Ralph Anyacho identifies paucity of teaching staff for primary and high schools as two one of Anambra’s biggest education worries.
A number of issues are giving parents worries over the management of schools in Anambra state. Citizens of the state living outside of it who breeze in and fly out would think that all is well. But all is not well.
The Christmas/ new year mass home return is usually a time for stock taking. At one of the town hall meetings by my community two separate important guests interrupted proceedings.One was the principal of the community secondary school in the town. She came with tears practically dropping from her eyes, lamenting the lack of teaching staff. She appealed for support of the community to fix practically every thing, ranging from collapsing roofs, to no power supply, rickety school bus, stressing low morale among students resulting from lack of teachers in key subject areas. As she left the place in high hope trusting that her cries have not fallen on deaf ears, another guest this time came from the community primary school. Unlike the principal whom the roof is collapsing over her head, the primary school has one of the best structures anywhere in the state. Their big trouble is lack of teachers. There are only two teachers on government payroll. The rest of the teachers are being paid by the PTA of the school at N10,000 per month. And have come to the meeting to request for financial support to help the PTA defray the eight month salary arrears owed the teachers.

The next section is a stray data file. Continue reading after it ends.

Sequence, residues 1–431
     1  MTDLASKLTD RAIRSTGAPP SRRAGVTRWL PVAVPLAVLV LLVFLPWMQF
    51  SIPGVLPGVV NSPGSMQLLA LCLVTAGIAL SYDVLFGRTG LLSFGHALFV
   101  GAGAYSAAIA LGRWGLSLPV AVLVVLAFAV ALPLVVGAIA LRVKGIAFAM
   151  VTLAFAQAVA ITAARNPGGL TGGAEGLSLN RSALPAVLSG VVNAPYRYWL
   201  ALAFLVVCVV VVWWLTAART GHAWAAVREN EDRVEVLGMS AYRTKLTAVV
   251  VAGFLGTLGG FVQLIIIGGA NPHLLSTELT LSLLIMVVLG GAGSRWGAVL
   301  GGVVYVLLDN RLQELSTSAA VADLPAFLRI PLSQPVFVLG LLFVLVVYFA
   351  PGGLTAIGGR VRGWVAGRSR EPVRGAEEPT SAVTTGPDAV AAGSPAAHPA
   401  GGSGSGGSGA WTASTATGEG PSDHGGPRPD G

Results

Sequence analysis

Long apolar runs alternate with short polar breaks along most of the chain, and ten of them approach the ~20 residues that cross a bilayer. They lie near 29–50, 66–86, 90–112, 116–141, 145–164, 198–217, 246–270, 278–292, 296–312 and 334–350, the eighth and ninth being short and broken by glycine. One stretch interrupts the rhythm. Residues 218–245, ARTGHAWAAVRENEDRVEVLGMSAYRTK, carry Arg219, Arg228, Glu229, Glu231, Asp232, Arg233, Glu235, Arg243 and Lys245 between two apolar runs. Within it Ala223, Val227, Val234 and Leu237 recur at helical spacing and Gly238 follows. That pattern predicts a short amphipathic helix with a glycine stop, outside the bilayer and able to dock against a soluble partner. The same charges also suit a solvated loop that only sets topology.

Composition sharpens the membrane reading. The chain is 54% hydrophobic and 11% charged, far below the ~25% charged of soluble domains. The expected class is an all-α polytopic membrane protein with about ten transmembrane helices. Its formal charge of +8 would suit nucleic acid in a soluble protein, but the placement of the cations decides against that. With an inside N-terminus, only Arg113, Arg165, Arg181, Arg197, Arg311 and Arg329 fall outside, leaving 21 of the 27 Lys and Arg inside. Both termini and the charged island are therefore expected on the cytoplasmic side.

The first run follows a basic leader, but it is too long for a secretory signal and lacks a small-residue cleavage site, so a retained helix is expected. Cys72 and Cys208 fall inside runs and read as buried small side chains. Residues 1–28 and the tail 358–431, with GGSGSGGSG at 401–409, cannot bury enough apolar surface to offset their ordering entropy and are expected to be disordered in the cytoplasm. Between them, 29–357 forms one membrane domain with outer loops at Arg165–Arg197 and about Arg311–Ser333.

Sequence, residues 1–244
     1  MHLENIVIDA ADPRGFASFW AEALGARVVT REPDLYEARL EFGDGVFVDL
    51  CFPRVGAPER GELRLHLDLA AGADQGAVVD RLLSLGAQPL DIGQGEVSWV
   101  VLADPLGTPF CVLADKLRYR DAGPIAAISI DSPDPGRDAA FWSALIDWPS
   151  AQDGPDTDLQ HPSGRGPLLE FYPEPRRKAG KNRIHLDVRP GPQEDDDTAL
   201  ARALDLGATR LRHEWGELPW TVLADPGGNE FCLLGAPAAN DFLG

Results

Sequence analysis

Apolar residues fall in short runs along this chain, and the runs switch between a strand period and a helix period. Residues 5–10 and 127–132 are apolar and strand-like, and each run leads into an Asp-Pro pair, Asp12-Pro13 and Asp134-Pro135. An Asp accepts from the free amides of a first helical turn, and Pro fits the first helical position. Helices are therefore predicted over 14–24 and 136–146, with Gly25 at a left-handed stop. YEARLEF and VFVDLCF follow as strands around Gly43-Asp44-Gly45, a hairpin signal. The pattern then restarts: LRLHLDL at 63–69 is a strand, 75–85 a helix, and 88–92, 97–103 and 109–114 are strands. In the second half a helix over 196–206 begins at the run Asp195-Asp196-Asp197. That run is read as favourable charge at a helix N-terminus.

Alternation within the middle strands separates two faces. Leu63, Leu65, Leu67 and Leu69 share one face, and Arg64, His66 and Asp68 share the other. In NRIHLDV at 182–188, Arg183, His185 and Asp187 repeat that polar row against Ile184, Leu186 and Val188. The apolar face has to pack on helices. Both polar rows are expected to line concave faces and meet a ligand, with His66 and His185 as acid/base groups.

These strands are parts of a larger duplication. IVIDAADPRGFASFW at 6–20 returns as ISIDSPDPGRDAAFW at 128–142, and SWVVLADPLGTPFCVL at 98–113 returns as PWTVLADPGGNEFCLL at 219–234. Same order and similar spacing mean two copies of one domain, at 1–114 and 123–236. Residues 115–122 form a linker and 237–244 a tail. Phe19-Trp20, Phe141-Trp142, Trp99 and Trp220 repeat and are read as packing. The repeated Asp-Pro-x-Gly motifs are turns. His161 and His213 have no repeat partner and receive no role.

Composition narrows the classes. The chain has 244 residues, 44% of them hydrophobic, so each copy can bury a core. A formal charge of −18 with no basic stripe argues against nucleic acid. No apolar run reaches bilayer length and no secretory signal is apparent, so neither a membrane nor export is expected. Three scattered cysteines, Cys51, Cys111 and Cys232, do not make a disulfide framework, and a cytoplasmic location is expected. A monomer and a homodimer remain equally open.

These two critical issues question the modus operandi of running schools in the state and the quality of education available especially in the rural areas. What is the partnership arrangement between the State and the Churches? Is any party reneging on the agreement? The above mentioned situation can not be tenable in a state competing for space among a comity of technologically driven states.
Something must be done and urgently too.
Anambra’s education worries